It was hard to leave the Palmarin area and the wonderful folks at Le Yokam. Some of the most amazing scenery I have ever seen. The Sine Saloum Delta is simply stunning. Largely flat, with towering Baobabs, covered with shallow glass like water at their feet, deep greenery abundant with flashes of brilliant white from the feathers of an Egret as we passed by on the dusty broken roads. It struck me as a place of simple quiet beauty. With more and more wildlife showing up I was a happier bunny. And after 3 days sitting out with Marcel, Edward, Marie-Ann, Silvia and Joseph and the family Yokam, I felt sad to be leaving.

Sine Saloum Delta

Sine Saloum Delta

After blasting through Mauritania we had some time on our hands. So, as a consolation we decided to hit The Gambia. And with English as one of the prime languages it was an easy decision. Visas were obtained easily in Dakar and off we went. The border corssing was fine and upon hitting the Gambian taxi rank there was the usual riot and waltz with our packs to keep the rabble at bay ! We then found our way to Banjul. A small town, quiet and can be navigated easily and hassle free. We immediately loved it. Cold beer and English….what more could a man ask for ? Next was Fajara. By the sea and our last few days with an opportunity for a swim before heading inland. ( We also found a bleedin deadly Indian restaraunt round the way – top scoff was had ! ) 3 Days later, and a bone shaking journey, we were in Bintang Bolong. Not really much to say about this place except that the setting amongst the mangroves was very nice and the odd Striped King Fisher and Abyssinian Roller about. Next, Jangjangbureh (Georgetown) again not much to say about this place either. I did think it would be bigger. But it was just a dusty island in ther Gambia river largely d’void of food, electricity and water.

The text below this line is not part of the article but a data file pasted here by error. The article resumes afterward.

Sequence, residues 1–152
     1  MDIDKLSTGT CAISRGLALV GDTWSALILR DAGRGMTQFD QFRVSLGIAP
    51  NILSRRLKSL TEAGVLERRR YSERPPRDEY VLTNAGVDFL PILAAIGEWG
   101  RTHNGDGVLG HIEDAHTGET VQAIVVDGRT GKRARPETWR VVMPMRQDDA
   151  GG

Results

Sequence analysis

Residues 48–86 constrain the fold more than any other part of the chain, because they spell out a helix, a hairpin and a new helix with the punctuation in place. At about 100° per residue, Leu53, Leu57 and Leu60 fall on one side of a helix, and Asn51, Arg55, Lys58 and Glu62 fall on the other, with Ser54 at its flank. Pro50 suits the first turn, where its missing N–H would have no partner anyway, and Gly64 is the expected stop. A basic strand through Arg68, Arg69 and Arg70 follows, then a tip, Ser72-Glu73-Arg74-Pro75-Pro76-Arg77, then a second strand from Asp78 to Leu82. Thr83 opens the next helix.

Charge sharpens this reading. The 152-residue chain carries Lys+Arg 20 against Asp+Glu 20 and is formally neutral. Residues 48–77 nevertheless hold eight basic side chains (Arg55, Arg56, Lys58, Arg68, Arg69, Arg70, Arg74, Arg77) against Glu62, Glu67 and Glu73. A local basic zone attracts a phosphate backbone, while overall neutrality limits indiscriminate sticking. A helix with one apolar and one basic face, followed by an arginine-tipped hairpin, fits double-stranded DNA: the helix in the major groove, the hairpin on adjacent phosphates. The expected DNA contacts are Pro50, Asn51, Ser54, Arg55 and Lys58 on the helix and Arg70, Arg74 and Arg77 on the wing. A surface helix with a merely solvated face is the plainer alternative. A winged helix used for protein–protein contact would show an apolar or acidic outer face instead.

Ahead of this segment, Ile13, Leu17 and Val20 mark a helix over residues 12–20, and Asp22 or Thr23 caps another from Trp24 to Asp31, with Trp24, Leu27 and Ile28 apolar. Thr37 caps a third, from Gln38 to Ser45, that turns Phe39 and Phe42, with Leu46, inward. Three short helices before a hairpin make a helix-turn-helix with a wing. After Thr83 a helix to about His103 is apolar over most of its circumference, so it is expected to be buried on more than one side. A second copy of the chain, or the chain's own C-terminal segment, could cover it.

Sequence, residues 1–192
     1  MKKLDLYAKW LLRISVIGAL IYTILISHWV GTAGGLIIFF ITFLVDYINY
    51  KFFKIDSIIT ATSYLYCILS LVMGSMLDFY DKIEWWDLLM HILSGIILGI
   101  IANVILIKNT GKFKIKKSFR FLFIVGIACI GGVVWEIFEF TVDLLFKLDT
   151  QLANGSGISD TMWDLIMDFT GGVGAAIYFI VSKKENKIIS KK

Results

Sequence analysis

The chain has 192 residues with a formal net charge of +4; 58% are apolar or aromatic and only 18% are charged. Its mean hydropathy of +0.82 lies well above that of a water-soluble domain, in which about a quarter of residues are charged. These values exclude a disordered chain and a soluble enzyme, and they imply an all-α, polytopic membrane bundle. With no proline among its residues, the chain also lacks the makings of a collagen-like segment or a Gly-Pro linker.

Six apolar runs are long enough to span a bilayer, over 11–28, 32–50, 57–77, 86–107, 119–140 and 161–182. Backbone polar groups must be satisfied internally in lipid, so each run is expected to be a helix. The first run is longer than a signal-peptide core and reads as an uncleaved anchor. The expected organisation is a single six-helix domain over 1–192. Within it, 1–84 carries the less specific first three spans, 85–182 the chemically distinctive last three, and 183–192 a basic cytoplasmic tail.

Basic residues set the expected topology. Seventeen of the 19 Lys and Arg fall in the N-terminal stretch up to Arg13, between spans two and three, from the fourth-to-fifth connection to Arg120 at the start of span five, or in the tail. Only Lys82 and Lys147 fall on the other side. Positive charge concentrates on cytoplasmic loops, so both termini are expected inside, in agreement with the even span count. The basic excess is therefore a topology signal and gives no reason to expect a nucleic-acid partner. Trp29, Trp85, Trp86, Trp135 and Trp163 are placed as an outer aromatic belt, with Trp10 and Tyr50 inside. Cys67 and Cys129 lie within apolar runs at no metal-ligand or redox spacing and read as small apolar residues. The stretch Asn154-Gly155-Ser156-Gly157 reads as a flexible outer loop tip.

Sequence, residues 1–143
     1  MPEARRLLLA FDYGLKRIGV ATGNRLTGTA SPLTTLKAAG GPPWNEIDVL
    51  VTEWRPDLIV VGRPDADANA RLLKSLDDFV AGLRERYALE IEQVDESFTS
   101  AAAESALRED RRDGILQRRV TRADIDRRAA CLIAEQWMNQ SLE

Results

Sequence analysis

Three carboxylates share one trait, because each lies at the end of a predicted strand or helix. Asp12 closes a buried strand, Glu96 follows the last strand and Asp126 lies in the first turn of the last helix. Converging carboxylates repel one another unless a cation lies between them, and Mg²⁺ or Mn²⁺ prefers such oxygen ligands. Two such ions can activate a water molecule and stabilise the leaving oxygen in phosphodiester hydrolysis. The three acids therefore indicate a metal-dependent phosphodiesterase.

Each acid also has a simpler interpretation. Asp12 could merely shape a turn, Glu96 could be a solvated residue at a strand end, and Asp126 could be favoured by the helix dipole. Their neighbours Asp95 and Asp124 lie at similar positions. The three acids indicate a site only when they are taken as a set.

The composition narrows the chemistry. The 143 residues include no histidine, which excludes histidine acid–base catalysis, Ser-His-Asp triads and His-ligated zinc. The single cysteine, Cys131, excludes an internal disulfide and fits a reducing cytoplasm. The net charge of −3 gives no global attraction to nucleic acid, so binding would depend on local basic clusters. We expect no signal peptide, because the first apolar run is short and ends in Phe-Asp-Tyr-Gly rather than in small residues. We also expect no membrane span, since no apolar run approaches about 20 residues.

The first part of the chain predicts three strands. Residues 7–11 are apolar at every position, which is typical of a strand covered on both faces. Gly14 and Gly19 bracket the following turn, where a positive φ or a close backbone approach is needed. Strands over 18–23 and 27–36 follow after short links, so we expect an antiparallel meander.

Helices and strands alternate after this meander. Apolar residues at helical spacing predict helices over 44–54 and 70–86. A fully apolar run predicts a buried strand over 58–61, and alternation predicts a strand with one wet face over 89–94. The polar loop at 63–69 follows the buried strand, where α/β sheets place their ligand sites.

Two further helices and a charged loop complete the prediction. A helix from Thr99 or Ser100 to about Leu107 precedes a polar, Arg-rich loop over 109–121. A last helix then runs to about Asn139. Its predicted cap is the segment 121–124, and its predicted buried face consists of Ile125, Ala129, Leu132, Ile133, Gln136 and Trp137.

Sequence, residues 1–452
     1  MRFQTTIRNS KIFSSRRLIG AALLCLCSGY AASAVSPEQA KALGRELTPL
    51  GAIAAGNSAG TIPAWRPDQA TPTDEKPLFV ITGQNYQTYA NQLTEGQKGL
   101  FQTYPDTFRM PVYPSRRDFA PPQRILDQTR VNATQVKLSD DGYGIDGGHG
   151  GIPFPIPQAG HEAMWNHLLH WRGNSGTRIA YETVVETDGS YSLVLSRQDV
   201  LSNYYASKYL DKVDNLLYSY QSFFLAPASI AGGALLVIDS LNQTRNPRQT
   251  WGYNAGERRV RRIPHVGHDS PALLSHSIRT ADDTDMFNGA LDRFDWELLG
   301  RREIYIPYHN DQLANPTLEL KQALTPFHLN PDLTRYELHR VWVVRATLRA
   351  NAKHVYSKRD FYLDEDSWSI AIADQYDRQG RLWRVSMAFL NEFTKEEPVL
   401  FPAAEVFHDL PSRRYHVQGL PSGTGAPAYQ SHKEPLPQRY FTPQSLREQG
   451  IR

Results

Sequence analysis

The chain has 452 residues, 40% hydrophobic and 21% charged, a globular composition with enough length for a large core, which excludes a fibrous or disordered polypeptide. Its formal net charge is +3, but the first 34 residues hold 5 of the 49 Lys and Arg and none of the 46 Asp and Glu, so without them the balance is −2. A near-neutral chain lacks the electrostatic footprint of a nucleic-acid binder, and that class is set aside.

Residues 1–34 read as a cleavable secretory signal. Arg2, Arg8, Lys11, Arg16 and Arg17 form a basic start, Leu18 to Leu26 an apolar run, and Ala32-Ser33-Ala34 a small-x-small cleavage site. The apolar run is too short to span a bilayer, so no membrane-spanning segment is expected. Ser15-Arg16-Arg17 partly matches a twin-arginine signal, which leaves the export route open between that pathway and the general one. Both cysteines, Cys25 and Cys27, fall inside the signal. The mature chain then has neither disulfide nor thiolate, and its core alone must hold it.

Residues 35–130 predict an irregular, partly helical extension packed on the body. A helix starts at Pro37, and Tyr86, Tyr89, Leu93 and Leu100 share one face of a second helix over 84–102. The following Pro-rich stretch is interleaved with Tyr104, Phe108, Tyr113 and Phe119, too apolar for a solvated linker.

Fajara Sunset

Fajara Sunset

The situation with food, power and water was worrisome. More and more all three became scarse. We are quickly becoming shadows of ourselves and with the blatent police corruption we have encountered numerous times The Gambia is leaving a sour taste in my mouth. The final straw was being told upon exit that the princely sum of 5000 Dalasi each (about 320 Euro) was required for exit. I nearly flipped. I told the officer, from between grating teeth, that he would not get his money. And ten minutes later we left, no bribe and with our passports. I’m very disappointed with The Gambia. Initial reaction was great with the banter we could have with the “bumsters” and having a swim and general lounging around. But, as time went on we just had not realised that the rot had set in.

muni

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